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Re: Test of Independent Invention: RDF

From: Melvin Carvalho <melvincarvalho@gmail.com>
Date: Tue, 28 Apr 2015 02:28:58 +0200
Message-ID: <CAKaEYh+woK7c7AZkbuDEF1dX+143w0ib6xfBkTrjXGK_9RsVhA@mail.gmail.com>
To: Sampo Syreeni <decoy@iki.fi>
Cc: Sarven Capadisli <info@csarven.ca>, SW-forum <semantic-web@w3.org>
On 27 April 2015 at 23:08, Sampo Syreeni <decoy@iki.fi> wrote:

> On 2015-04-27, Melvin Carvalho wrote:
>
>  Looking at the past, present and future, what is the state of RDF in the
>> Test of Independent Invention?
>>
>> IMHO, Linked data mainly passes the test. There may be some minor nits
>> over blank nodes or lists etc.
>>
>
> Does it pass the market test, though?
>
> All of this Semantic Web stuff has existed for a while now. One would
> expect that there is a company or consortium out there which has made 1-10
> million bucks applying technology, which couldn't have been without the
> Semantic Web.
>
> Is there one, or preferably a hundred as the usual laws of the free market
> would lead us to expect?
>

http://www.mckinsey.com/insights/business_technology/open_data_unlocking_innovation_and_performance_with_liquid_information

Open data—machine-readable information, particularly government data,
that’s made available to others—has generated a great deal of excitement
around the world for its potential to empower citizens, change how
government works, and improve the delivery of public services. It may also
generate significant economic value, according to a new McKinsey report.1
<http://www.mckinsey.com/insights/business_technology/open_data_unlocking_innovation_and_performance_with_liquid_information#>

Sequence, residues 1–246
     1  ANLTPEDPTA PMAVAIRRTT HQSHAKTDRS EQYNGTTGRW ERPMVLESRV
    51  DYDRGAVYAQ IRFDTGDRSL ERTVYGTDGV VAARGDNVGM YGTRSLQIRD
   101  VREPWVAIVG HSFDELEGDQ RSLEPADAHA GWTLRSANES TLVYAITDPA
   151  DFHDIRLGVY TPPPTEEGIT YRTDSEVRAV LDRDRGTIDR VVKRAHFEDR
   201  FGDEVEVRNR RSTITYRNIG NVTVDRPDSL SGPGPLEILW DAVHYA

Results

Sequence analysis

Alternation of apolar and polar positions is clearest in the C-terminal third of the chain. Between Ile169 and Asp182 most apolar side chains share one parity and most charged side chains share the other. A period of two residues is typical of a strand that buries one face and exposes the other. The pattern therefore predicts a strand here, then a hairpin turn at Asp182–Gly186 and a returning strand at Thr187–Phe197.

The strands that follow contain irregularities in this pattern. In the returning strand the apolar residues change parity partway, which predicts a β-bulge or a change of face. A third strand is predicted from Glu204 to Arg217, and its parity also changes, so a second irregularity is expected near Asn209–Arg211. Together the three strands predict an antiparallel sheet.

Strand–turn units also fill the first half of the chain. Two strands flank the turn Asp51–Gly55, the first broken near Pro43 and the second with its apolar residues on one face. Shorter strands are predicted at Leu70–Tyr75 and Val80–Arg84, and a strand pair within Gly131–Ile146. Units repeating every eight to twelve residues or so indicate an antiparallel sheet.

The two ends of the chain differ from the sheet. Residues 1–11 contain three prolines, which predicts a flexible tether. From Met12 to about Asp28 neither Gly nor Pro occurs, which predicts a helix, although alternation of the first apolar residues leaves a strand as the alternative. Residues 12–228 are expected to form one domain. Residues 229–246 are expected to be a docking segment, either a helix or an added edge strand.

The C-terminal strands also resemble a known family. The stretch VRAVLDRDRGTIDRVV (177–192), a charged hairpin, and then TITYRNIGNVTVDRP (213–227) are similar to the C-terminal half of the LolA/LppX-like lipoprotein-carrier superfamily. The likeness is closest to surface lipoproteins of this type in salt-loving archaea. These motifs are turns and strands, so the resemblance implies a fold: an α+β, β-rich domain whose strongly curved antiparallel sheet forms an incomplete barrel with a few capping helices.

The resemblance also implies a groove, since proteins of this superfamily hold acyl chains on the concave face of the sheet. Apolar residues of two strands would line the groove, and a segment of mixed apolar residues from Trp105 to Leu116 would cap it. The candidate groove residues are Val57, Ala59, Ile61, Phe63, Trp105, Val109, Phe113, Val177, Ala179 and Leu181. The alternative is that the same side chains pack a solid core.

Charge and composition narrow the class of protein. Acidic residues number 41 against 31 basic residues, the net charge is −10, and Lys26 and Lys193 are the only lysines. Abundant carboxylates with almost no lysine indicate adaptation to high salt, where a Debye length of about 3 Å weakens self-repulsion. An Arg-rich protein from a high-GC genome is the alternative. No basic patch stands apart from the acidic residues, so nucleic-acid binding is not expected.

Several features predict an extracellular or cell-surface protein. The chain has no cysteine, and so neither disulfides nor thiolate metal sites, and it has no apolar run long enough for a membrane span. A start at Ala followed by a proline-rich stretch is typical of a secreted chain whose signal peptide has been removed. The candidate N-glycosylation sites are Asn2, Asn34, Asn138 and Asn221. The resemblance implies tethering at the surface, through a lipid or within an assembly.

Our research suggests that seven sectors alone could generate more than $3
trillion a year in additional value as a result of open data, which is
already giving rise to hundreds of entrepreneurial businesses and helping
established companies to segment markets, define new products and services,
and improve the efficiency and effectiveness of operations.


>
>  Typical web 2.0 APIs dont initially pass the test, but can be webized to
>> do so.
>>
>
> "Can be 'webized'." Yes, but do they? Not as a hypothetical, but using
> SemWeb tech as an essential part of a solution to a real life problem? I
> don't see that happening. Or do you? Is there a killer app in one of the
> prominent app stores which utilizes RDF or one of the other SemWeb
> technologies in an essential way, and rakes in substantial income, proving
> the tech is worth it?
>
>  So that means the semantic web will start small but grow to assimilate
>> the more useful systems to become part of the TOII.
>>
>
> The semantic web started out small at about when RDF Model and Syntax was
> ratified. In 1999, with Ora and Ralph at the sticks. Now it's slightly over
> 16 years later, and we're still talking about "starting small and the
> growing to assimilate".
>
> No self-respecting startup would go there. If it doesn't hit it in 1-3
> years, rather obviously it's born dead. Especially if it's born fully in
> the Nets/Webs.
>
>  Some rival may emerge to the sem web, but I cant see anything on the
>> horizon right now
>>
>
> Why not jump the ship and develop one? Take everything that's good in the
> current semweb work, ditch all that is bad (especially any XML/W3C
> burden/formal logic burden), and then just run with it? Using a single,
> simple application as the test bed?
>

Sem web isnt bound to XML.  I dont consider the W3C bad, recent
developments in the sem web like Linked Data Platform and JSON LD are
taking things to a new level.

Problem with starting something new is that you have to evangelize it from
scratch.  The whole point of the TOII is that if someone does that you'll
be interoperable with them.


> --
> Sampo Syreeni, aka decoy - decoy@iki.fi, http://decoy.iki.fi/front
> +358-40-3255353, 025E D175 ABE5 027C 9494 EEB0 E090 8BA9 0509 85C2
Received on Tuesday, 28 April 2015 00:29:26 UTC

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